The freshest news and views from the Grossmont-Cuyamaca Community College District
Monday, March 4, 2013
Defining Advocacy -- A message from Chancellor Cindy L. Miles
The following message was sent to Grossmont-Cuyamaca Community College District employees by Chancellor Cindy L. Miles
Advocacy, n.: The act of pleading or arguing in favor of something, such as a cause, idea, or policy; active support
Last month, several members of our Board of Trustees joined me and other district leaders in traveling to Sacramento and Washington, D.C., to advocate on behalf of our District with our state and federal legislators. Our goal was to discuss some of the most pressing concerns facing community colleges with our elected representatives, and to urge their support for the key issues facing our District and others.
In Sacramento, our delegation was made up of Governing Board President Bill Garrett and Trustees Greg Barr, Edwin Hiel and Debbie Justeson, along with Student Trustee Samantha Elliot, Grossmont College President Sunny Cooke and Communications and Public Information Director Anne Krueger. We joined delegations from other San Diego and Imperial County community colleges to provide a stronger and more unified voice when we met with state legislators from our region. We had productive discussions with several San Diego County legislators, including Sen. Marty Block, Sen. Joel Anderson, and Assemblywoman Shirley Weber.
Sen. Joel Anderson meets with GCCCD leaders
The mood during the meetings with legislators was palpably more positive than previous years as the result of the passage of Proposition 30 last November and a more optimistic overall state fiscal outlook. Instead of simply begging for an end to massive budget cuts, we were able to talk about what our colleges saw as the priorities affecting community colleges in the governor’s budget. We reminded legislators that while Proposition 30 ended further cuts, our colleges still have a long way to go to recover from the devastating budget losses we’ve all suffered.
As part of my advocacy work in Sacramento, I serve on the boards of the Chief Executive Officers of the California Community College (CEOCCC), the
Community College League of California (CCLC), as well as on the state Chancellor’s Consultation Council. In all these, we focus on key issues, budgets, legislation, and policies affecting our students and institutions. Last month, I was appointed to the state Chancellor’s 10-member Accreditation Task Force, charged with exploring causes and seeking collaborative solutions regarding the significant number of colleges that have been sanctioned by our accrediting commission.
During our visit to Congress in Washington, D.C., the mood was much grimmer just a few weeks before sequestration’s massive federal funding cuts were set to take place. Our representatives, Duncan Hunter and Susan Davis, sit on opposite sides of the political aisle, but both agreed that sequestration was imminent. Although our District would have little direct effect from the cuts, we could feel the ripple effect of military and other spending cuts in our region.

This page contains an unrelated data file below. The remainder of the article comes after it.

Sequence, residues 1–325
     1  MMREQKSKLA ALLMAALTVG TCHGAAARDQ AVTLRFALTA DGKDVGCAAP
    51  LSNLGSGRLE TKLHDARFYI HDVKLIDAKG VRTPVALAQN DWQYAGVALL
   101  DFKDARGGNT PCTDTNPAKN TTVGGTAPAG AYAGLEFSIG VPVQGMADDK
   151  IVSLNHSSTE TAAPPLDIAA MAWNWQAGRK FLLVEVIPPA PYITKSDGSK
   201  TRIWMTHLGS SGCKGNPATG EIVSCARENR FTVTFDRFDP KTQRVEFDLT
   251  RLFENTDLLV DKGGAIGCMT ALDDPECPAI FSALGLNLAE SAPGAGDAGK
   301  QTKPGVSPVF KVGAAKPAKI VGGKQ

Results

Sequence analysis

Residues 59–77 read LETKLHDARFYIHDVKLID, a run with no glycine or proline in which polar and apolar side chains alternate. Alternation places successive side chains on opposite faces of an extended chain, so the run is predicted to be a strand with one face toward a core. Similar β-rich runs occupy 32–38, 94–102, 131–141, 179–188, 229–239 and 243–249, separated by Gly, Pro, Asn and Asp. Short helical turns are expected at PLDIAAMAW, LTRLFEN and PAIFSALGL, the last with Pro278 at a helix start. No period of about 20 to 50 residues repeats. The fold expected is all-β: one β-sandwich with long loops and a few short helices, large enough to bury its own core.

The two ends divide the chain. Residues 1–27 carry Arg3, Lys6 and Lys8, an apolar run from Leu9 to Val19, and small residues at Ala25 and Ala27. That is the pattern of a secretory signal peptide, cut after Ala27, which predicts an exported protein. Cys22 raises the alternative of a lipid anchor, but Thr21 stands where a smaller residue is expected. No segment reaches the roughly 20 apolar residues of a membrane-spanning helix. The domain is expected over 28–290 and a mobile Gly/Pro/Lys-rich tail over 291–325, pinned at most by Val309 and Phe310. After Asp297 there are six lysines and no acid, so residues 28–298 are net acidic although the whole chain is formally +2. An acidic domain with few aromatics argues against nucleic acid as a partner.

GCCCD's advocacy group outside the Capitol
While meeting with Hunter and Davis, and staffers for Sen. Dianne Feinstein and Rep. Scott Peters, Trustees Garrett and Barr urged for continued federal funding for Pell Grants. More than 5,600 Grossmont and Cuyamaca College students received grants this school year, and we want to ensure that funding continues for this program that helps enhance the prospect of completion for thousands of college students.
We also urged reauthorization of the Workforce Investment Act (WIA), the job training program that our District has used for initiatives such as the San Diego Green Building Training Collaborative, which trains students for jobs in the emerging green economy. Our delegation discussed the importance of providing counseling and resources for veteran students, noting that our colleges served more than 2,000 veterans and dependents last year.
I was part of a team led by California Chancellor Brice Harris that presented similar arguments to additional legislators and government officials, including Sen. Barbara Boxer, Rep. Gloria Negrete McLeod, Rep. Julia Brownley, Department of Education Undersecretary Martha Kanter, and House Minority Leader Nancy Pelosi.
Although these meetings in Sacramento and Washington may not bring immediate results, they are vital to maintain good relationships with our elected officials and to remind them of the critical role that our colleges play in educating half of all U.S. undergraduates and strengthening the nation’s economy.
It’s always a pleasure for me to advocate on behalf of our District because I know how many students’ lives have been transformed by what they’ve learned here.
Whether your work is preparing the campus, answering the phones, running some aspect of our daily business, or directly counseling or teaching students – what you do matters. That’s the definition of a cause I can believe in!